Bearing in mind that awareness of fraud risks can provide a business with protection, a useful model to know when considering the likelihood of fraud occurring is the fraud triangle. The fraud triangle is a model for explaining the factors that cause someone to commit occupational fraud. It consists of three components which, together, lead to fraudulent behavior.
A potential fraudster facing a perceived unshakable financial need (motivation) and having the means to commit a fraud (opportunity) may well find a way to justify the fraud within the constraints of his own belief system (rationalization). In the ‘low and slow’ typology the rationalization might be that the employer won’t miss a small amount and/or that the fraudster deserves it to compensate for something else, such as an unpaid bonus or overtime.
Breaking one of the sides of the triangle will stop the potential crime from happening. As shown in the diagram, this build up takes a number of months, even years, from conception to action – time during which the organization could have detected and prevented the crime from happening.
In addition to a theoretical understanding of fraud risk, fraud workshops that focus on the risks that particular organizations face can be a useful technique to create better fraud awareness amongst management and employees.
Some of the top myriad opportunities and motives for fraud include disgruntled employees and external pressures on individuals. Ineffective internal controls are also a factor. Whilst it is true that one size does not fit all, a comprehensive plan, with the involvement of key internal functions, could go a long way to prevent and detect internal fraud.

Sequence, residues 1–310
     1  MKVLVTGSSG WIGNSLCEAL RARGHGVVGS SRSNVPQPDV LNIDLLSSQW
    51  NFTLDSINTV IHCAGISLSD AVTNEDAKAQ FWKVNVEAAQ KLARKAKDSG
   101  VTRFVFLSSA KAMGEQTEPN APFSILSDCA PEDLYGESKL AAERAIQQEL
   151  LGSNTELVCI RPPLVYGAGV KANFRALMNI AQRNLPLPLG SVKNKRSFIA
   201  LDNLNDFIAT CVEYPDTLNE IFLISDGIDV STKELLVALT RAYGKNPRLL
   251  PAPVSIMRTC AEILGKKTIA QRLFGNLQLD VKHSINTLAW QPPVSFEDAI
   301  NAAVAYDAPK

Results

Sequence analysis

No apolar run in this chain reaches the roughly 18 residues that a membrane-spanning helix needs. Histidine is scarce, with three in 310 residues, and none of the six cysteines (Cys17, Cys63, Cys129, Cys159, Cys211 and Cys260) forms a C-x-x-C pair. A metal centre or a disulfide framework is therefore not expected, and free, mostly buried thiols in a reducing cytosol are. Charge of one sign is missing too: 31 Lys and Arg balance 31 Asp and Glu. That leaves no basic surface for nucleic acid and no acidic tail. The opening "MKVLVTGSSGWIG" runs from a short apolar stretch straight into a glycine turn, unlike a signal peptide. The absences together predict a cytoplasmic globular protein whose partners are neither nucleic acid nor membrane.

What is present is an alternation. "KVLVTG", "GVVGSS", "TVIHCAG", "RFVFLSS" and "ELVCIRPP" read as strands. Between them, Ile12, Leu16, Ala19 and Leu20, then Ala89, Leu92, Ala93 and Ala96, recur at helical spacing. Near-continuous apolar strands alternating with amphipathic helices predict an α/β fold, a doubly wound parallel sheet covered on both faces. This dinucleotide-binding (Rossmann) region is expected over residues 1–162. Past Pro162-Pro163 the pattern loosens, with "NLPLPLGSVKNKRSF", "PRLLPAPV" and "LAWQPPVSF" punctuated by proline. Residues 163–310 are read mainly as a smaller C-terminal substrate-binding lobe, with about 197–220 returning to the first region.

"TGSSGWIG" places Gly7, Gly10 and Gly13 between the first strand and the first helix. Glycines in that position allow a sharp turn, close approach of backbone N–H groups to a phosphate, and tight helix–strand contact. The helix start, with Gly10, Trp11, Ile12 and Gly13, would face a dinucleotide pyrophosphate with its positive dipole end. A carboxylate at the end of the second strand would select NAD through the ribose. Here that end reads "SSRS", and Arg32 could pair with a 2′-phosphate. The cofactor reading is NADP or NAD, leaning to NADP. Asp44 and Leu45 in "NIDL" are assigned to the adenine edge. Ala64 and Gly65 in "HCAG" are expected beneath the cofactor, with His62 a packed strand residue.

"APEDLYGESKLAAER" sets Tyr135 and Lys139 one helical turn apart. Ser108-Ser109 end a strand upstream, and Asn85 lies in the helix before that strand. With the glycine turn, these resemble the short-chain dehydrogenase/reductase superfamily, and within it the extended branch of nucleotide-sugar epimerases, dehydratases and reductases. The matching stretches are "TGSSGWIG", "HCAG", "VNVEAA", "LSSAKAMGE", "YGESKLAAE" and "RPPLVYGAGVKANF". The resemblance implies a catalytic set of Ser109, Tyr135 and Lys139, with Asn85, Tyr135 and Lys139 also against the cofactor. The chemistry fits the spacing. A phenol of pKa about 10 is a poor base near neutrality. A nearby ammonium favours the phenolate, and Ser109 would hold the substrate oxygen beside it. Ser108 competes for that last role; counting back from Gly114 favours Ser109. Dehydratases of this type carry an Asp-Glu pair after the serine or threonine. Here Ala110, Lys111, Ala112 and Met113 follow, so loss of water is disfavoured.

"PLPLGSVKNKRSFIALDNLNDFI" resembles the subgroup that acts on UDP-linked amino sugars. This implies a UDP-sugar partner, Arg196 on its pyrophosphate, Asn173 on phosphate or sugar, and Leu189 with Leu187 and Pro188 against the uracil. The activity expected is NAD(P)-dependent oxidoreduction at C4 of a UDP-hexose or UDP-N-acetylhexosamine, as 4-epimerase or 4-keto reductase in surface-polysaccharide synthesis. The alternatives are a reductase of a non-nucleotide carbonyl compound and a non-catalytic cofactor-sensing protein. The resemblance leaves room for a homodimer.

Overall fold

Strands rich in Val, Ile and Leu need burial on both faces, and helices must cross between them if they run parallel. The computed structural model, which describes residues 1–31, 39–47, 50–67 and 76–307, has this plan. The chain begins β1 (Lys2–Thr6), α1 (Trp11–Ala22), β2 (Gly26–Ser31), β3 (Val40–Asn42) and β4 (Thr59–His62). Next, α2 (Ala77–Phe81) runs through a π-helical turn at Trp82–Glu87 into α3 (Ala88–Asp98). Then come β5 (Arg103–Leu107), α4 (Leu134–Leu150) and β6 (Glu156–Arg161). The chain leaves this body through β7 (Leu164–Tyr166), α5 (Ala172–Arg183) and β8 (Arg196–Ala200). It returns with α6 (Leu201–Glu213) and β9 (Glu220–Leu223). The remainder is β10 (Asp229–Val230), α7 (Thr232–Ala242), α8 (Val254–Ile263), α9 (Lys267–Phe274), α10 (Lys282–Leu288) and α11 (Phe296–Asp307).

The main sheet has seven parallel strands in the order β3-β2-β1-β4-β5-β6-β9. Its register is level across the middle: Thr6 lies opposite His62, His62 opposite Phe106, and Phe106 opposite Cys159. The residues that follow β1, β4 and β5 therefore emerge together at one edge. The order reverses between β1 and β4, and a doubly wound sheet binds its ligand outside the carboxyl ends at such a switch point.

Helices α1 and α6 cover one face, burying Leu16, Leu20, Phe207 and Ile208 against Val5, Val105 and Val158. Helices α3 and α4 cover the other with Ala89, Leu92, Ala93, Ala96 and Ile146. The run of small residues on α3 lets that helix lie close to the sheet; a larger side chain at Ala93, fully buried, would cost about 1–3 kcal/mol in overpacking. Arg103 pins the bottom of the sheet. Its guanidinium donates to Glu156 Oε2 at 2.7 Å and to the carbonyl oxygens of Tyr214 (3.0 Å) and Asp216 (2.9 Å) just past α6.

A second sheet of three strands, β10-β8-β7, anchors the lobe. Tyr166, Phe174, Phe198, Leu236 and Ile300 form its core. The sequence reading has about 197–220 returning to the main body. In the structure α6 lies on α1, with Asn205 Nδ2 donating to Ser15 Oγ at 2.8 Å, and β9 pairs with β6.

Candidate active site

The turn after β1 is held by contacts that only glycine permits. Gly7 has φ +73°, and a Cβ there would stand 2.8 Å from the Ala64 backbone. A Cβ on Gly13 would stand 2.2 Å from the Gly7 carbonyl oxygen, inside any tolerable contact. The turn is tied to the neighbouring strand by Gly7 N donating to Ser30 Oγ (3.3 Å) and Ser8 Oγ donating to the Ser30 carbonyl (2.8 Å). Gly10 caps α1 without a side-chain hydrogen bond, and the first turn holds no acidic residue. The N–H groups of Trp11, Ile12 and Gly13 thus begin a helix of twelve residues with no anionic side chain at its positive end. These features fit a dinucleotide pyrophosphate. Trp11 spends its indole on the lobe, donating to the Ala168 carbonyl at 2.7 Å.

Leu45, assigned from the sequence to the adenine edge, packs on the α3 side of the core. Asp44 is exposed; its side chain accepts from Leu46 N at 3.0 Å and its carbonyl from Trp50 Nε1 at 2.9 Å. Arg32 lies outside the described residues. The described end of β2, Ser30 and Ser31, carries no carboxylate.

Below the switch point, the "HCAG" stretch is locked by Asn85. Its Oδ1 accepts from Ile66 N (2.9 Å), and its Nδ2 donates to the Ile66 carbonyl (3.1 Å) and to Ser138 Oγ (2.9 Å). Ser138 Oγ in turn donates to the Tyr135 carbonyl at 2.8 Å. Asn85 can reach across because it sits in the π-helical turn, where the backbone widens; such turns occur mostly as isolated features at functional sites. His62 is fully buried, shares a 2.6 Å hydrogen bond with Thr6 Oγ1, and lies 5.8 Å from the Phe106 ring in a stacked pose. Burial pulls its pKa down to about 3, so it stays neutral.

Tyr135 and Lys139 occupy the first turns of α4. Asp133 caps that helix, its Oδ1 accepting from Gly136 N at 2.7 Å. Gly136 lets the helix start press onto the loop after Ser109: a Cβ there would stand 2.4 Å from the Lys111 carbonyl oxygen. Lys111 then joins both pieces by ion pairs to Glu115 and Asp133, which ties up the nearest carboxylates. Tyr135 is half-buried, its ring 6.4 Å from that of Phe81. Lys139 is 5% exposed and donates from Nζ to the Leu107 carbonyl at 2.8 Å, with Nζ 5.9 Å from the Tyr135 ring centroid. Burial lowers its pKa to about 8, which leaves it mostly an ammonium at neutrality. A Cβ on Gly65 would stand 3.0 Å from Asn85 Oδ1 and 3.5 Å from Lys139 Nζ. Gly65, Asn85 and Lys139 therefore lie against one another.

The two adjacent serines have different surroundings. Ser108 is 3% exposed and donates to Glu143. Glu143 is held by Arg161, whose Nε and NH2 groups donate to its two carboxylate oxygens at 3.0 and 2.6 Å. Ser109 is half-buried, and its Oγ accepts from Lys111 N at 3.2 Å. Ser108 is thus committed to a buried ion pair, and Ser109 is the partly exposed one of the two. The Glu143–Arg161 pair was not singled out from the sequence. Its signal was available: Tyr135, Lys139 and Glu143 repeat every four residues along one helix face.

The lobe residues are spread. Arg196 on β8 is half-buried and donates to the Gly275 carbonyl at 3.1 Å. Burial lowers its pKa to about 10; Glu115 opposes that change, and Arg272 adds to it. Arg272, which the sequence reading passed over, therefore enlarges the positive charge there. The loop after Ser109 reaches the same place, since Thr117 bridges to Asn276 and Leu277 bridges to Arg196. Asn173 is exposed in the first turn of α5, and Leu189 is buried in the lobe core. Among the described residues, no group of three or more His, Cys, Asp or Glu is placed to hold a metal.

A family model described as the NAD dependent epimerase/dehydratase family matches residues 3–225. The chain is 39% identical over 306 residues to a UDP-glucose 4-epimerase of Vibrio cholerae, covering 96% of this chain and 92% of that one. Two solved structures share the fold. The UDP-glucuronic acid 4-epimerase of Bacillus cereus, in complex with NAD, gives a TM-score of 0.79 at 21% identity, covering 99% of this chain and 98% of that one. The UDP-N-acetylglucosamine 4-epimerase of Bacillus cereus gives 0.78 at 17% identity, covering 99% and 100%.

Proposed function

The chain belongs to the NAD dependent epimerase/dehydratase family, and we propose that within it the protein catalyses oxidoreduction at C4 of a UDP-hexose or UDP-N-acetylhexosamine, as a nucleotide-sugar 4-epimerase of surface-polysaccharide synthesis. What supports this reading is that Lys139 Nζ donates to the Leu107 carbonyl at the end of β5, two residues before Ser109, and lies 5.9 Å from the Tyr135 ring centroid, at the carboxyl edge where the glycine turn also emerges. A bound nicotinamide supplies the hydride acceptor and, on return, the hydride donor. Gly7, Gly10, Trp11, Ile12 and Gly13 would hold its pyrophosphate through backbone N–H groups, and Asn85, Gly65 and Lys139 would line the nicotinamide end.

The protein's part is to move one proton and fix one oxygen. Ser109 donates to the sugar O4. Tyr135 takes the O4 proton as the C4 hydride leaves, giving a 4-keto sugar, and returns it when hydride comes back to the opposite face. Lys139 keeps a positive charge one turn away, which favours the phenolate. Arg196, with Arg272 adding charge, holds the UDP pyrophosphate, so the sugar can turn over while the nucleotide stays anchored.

For example, apart from internal audit mentioned above, the involvement of Human Resources function is key in fraud prevention. A robust recruitment stage through pre-employment screening is a key detective measure. This would involve the process of checking that information provided by a prospective employee is accurate and complete. The results are used to make an informed decision about the suitability of an applicant for a particular vacancy. It can also deter dishonest individuals from applying in the first place, thus having the added benefit of being a preventative measure as well.
When it comes to investigation, this can be a very delicate matter. Whilst there is a temptation to try to maintain a ring of secrecy around embarrassing fraud events, if you are serious about recouping financial losses or seeing the fraudster punished, the involvement of professionals should be seriously considered. Forensic work and evidence gathering is important.
It is clear that this is not an issue that will simply ‘go away’. Organizations need to tackle it strategically and will benefit from being proactive rather than reactive, by preventing fraud before it can succeed. Awareness, prevention, detection and investigation are integral elements of an effective anti-fraud strategy. Its success will be of great benefit to any organization.